In accordance with the present invention there is provided an improved cervical collar comprised of an elongated neck encircling band and secured thereto a two-piece chin support brace with means for holding said chin support brace in a bowed forward position.

BRIEF DESCRIPTION OF DRAWINGS

This invention will now be described with reference to the accompanying drawings in which:

FIG. 1 is a front plan view of the cervical collar in its flat position.

FIG. 2 is a side perspective view of the improved cervical collar with the chin support brace in its bowed forward position as installed.

FIG. 3 is an exploded view of the improved cervical collar.

FIG. 4 is a side view of the j-shaped element of the two-part chin support brace of the improved cervical collar.

FIG. 5 is a side view of the j-shaped element of the chin support brace showing an alternative locking device.

DETAILED DESCRIPTION OF THE PREFERRED EMBODIMENT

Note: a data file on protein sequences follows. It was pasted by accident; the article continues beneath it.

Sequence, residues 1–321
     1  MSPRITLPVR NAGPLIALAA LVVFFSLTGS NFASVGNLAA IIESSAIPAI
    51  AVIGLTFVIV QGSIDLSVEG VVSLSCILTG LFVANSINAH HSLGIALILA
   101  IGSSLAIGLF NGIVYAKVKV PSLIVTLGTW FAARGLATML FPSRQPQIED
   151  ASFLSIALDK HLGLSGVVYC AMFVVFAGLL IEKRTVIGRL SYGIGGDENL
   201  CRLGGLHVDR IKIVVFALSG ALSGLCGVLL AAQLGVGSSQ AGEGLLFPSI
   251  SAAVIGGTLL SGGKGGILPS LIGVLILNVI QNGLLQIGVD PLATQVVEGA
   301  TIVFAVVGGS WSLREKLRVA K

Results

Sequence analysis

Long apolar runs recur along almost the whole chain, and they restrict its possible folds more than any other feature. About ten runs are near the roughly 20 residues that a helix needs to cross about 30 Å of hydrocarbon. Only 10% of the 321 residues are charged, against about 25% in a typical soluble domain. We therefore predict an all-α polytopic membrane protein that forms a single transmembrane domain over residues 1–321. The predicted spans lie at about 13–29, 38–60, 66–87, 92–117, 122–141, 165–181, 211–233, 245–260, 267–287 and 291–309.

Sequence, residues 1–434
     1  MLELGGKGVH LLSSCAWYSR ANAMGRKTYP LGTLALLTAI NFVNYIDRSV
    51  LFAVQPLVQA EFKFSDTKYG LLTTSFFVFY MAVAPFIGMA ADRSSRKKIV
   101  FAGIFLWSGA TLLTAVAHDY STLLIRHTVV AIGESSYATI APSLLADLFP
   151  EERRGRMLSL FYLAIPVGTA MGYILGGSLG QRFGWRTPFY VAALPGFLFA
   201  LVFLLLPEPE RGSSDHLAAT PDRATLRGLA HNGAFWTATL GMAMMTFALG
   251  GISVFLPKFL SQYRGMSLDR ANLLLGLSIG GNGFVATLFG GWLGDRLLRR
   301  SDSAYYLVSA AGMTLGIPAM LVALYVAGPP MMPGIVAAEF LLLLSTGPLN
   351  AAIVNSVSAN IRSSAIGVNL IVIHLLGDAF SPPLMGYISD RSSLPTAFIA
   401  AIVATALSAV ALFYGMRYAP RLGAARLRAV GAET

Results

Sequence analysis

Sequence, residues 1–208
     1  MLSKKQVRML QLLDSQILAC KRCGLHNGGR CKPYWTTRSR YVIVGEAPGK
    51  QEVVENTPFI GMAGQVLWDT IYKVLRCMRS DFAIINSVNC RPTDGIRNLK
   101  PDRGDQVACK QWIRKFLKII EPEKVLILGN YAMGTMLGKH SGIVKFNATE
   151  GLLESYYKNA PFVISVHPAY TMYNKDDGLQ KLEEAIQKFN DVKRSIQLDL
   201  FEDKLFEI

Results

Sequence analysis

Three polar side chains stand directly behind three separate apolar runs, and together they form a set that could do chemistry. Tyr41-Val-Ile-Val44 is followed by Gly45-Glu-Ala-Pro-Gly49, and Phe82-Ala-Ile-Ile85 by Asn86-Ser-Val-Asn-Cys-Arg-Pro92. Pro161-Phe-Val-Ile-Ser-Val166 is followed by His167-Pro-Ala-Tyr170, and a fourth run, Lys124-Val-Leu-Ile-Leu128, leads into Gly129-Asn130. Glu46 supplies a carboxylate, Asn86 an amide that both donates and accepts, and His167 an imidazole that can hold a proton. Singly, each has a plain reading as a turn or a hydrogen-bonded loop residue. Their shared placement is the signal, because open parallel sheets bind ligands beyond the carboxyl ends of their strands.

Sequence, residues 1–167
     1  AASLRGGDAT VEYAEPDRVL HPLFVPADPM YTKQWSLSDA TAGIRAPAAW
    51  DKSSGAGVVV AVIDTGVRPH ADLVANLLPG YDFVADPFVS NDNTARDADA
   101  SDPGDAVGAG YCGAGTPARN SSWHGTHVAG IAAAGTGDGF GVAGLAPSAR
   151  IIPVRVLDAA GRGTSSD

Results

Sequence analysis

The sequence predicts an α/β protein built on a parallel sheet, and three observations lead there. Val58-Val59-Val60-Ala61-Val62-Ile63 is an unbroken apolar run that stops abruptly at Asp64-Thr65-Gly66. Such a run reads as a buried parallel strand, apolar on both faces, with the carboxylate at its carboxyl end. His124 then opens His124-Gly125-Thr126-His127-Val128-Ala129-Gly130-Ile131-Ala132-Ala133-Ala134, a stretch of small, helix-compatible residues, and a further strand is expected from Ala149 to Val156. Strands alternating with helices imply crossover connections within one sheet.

Although the invention is adaptable to a wide variety of uses, it is shown in the accompanying drawings for purposes of illustration as embodied in an improved cervical collar (10) comprised of an elongated neck encircling band (12) and secured thereto a two-piece chin support brace (14) with means for holding said chin support brace in a bowed forward position. See FIGS. 1 and 3.

The elongated neck encircling band (12) is formed from a stiff, plastic sheet material such as high density polyethylene, polyvinyl chloride or other such stiff, sturdy plastic material. The elements of the cervical collar may be die cut, extruded or prepared from molds as is conventional in the industry. For comfort there may be secured to the inner surface of this stiff plastic at various locations soft, foam type pads (not shown) which are comprised of conventional soft plastic material. These soft plastic pads are secured to the stiff plastic material by any conventional securing means such as an adhesive or snap fasteners. It is preferred that these foam pads be secured by cement or other adhesive to reduce the number of parts of the cervical collar (10).

The elongated neck encircling band (12) is preferably of one-piece construction generally comprised of a frontal portion (16), a back portion (18), a back side portions (20) and a front end portion (24). See FIG. 3. The elongated neck encircling band (12) is asymmetrical in design with the frontal portion (16) attached to, and an integral part of, the back portion (18).